Race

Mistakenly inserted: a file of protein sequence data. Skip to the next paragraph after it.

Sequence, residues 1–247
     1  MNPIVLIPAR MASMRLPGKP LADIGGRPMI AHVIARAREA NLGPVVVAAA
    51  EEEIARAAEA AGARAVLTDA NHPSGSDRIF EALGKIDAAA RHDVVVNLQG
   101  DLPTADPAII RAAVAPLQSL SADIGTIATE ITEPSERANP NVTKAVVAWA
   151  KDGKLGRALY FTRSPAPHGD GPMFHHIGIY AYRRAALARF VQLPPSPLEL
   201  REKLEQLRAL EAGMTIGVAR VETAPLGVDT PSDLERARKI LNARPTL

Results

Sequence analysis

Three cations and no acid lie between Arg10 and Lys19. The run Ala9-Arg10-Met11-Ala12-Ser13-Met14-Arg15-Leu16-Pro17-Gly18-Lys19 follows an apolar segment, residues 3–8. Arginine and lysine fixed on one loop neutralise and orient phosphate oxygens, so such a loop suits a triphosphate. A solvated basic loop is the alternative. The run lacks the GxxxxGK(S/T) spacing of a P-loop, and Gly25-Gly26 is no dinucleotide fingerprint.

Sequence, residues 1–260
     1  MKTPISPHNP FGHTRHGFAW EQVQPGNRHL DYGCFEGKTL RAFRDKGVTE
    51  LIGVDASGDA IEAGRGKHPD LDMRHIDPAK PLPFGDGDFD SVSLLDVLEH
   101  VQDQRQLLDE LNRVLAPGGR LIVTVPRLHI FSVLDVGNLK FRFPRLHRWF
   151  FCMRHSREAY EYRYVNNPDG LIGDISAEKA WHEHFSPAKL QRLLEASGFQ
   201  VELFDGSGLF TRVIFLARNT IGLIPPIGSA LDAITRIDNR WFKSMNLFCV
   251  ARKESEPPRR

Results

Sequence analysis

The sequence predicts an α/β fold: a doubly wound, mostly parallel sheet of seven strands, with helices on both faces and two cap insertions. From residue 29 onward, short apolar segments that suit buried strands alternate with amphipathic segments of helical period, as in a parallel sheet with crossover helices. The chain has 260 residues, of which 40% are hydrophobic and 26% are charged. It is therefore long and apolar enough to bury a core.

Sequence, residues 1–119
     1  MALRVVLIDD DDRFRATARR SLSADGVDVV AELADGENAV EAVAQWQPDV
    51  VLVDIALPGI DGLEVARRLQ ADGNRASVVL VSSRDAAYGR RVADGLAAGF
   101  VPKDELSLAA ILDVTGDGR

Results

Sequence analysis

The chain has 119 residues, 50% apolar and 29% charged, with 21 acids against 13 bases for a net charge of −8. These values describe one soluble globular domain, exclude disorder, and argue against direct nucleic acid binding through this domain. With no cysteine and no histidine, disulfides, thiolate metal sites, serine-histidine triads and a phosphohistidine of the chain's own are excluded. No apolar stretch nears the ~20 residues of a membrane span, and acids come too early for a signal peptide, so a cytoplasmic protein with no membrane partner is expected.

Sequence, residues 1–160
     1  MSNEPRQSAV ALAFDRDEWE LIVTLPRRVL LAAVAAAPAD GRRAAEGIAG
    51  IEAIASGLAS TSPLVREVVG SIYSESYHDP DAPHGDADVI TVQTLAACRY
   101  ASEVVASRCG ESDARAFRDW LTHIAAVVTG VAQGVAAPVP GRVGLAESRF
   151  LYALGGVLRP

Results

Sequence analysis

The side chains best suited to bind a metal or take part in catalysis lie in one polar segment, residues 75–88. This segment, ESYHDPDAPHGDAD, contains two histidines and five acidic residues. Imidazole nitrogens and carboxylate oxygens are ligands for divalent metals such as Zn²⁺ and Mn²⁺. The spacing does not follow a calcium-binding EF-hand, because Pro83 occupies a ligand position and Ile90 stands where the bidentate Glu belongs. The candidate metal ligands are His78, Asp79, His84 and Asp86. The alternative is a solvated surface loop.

White youth accounted for 66% of the delinquency cases disposed by juvenile courts in 1996 (table 39). For all racial groups, a property offense was the most common charge involved in delinquency cases disposed in 1996 (table 40). Property offenses accounted for 53% of all cases involving white youth, 42% of those involving black youth, and 57% of cases involving youth of other races. In 27% of cases involving blacks, the youth was charged with a person offense, compared with 19% of cases involving white youth and 20% of cases involving youth of other races. The proportion of cases involving drug law violations was somewhat larger for black youth (11%) and white youth (10%) than for youth of other races (6%). The number of cases involving white youth increased 39% between 1987 and 1996, while cases involving black youth increased 68%, and cases involving youth of other races increased 103% (table 41). Trends differed somewhat across racial groups. For all three groups, the smallest percent increase was in property cases. For black juveniles and white juveniles, drug cases showed the largest percent increase: 159% and 136%, respectively. For youth of other races, the greatest relative growth was in person cases (192%). Delinquency case rates differed substantially by race. The total case rate for black juveniles in 1996 (124.1) was more than twice the rates for white juveniles (51.0) and for youth of other races (46.7). The person offense case rate for black youth was more than three times greater than the corresponding rates for white youth and for youth of other races. The drug law violation case rate for black juveniles (13.5) was more than twice the rate for white juveniles (5.0) and more than four times the rate for youth of other races (3.0). In all offense categories, the case rates for black juveniles and for white juveniles were higher than the corresponding rate for other races. Overall, delinquency case rates increased with age in all racial groups. Among youth of other races, however, the rate at age 17 was slightly lower than the rate for 16-year-olds (figure 12). Age-related increases in delinquency case rates occurred within each of the four offense categories for each racial group, although there were variations across the 12 offense-race combinations (figure 13). For example, among white youth, the person offense case rate increased from 8.4 cases per 1,000 13-year-olds to 17.8 cases per 1,000 16-year-olds. For black juveniles, the person offense case rate grew from 31.4 at age 13 to 57.7 at age 16.